The fact is, we don’t know what to do about global warming, or at least the solutions offered seem themselves to be split down political lines: on the one hand, more government regulation and the creation of powerful supra-national organisations which can usurp national governments’ ability to determine their own energy policy;
on the other hand, the potential for technological innovation to move much faster at reducing emissions than treaties have been able to, as we are seeing with the failure of Kyoto and the success of shale gas in the US.
A good example of this is the Keystone XL pipeline which has been a figure-head for “climate action” recently, but which has no real bearing on climate change regardless of whether you “deny” or “accept” the consensus scientific position.
This is what happens constantly in the climate debate which renders such discussions about who the the most anti-science fairly redundant: the science quickly merges into questionable policies or activist causes; question the policy, you become a “science denier”.
So it seems to me highly questionable- and certainly not scientific- for Mooney to suggest that “science denial” to the extent that it does exists on the Right can really be blamed for putative future global catastrophe; claiming certainty that the science is wrong for political reasons is of course damaging, but in this case we simply don’t know precisely what the correct course of action will be and we have to weigh it up against other considerations including the obvious need to keep the lights on and warm our homes.
It is possible then that thwarting certain liberal policies on climate could actually turn out to be the best thing to do- even if for entirely the wrong reasons.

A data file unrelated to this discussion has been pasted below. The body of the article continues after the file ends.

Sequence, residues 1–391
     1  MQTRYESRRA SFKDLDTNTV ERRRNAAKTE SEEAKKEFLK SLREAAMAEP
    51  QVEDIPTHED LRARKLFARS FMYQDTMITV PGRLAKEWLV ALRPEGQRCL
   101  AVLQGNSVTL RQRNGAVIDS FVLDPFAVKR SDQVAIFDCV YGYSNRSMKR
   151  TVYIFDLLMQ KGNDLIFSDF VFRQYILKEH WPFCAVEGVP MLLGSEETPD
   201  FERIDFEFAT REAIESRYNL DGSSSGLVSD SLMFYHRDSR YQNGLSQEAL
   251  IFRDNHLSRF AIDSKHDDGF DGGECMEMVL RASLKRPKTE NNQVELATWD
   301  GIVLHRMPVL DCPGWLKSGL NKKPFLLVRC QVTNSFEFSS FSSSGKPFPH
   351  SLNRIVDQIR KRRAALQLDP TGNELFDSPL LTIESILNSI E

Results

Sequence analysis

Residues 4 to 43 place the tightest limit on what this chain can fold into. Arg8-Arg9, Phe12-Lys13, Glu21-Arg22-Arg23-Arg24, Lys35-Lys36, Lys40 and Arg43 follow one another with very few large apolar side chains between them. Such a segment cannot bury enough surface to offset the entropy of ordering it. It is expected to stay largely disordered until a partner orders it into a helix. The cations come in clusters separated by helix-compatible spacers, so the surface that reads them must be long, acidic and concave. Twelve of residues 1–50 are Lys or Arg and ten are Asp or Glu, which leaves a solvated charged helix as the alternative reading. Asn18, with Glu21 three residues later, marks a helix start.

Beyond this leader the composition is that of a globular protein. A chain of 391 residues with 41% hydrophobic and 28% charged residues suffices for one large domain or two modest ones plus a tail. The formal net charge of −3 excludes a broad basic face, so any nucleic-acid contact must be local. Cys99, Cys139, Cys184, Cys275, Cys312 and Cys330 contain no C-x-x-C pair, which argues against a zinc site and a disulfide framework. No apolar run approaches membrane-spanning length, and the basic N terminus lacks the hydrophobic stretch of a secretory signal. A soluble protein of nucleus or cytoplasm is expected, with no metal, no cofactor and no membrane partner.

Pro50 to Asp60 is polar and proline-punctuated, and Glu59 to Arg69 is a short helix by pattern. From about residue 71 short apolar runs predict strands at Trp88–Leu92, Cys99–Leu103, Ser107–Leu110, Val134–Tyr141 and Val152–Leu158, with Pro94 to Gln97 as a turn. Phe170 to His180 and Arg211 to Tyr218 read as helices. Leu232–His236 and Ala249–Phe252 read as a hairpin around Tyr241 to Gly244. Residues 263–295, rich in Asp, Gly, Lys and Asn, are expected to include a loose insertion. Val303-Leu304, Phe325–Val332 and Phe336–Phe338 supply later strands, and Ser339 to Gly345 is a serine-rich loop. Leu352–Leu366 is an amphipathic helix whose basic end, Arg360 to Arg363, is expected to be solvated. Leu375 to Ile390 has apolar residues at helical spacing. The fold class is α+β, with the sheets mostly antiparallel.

Compared with the damage already done by opposing GE crops the damage done by questioning climate science, even in an extreme way, seems speculative at best, and in fact entirely unknown.
As Shermer points out, the left doesn’t seem to care what the actual solutions to global warming are anyway- which is why a strong contingent of the grassroots at least (whatever about Obama’s stance) is fundamentally opposed to both fracking and nuclear: they just want to impose “more government”, or, as I would prefer to say, they just want their solutions.
I have often argued, and still do, that the Left’s apparent pro-science stance on climate change is really just opportunistic, since they are so anti-science on some of the obvious and most promising solutions.
Mooney is correct that the Left and the Right are promiscuous with the science in different ways- but he just seems to be scoring political points in claiming the Left is worse- a rather obvious trap to fall into when claiming to understand the psychology of the opposition, but not your own.